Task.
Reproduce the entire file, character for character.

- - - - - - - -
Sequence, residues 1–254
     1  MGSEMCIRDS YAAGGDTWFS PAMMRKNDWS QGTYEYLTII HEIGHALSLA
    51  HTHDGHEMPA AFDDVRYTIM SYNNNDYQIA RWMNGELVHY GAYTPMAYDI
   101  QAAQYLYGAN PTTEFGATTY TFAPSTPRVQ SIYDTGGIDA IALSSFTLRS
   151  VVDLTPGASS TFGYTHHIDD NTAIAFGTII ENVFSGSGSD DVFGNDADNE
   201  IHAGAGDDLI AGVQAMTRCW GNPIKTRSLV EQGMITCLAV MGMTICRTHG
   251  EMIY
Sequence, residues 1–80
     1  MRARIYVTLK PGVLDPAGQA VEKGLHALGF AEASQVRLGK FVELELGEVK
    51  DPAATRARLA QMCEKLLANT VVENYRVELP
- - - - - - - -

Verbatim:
Sequence, residues 1–254
     1  MGSEMCIRDS YAAGGDTWFS PAMMRKNDWS QGTYEYLTII HEIGHALSLA
    51  HTHDGHEMPA AFDDVRYTIM SYNNNDYQIA RWMNGELVHY GAYTPMAYDI
   101  QAAQYLYGAN PTTEFGATTY TFAPSTPRVQ SIYDTGGIDA IALSSFTLRS
   151  VVDLTPGASS TFGYTHHIDD NTAIAFGTII ENVFSGSGSD DVFGNDADNE
   201  IHAGAGDDLI AGVQAMTRCW GNPIKTRSLV EQGMITCLAV MGMTICRTHG
   251  EMIY
Sequence, residues 1–80
     1  MRARIYVTLK PGVLDPAGQA VEKGLHALGF AEASQVRLGK FVELELGEVK
    51  DPAATRARLA QMCEKLLANT VVENYRVELP